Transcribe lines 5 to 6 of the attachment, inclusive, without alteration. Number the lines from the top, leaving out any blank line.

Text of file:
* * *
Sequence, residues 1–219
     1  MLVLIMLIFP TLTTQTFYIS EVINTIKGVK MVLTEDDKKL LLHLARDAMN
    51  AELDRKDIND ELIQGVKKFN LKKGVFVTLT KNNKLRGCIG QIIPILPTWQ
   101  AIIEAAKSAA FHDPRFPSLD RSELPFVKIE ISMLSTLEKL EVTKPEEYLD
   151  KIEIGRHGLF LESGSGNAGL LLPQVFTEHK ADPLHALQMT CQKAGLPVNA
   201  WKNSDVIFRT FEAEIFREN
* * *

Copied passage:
   151  KIEIGRHGLF LESGSGNAGL LLPQVFTEHK ADPLHALQMT CQKAGLPVNA
   201  WKNSDVIFRT FEAEIFREN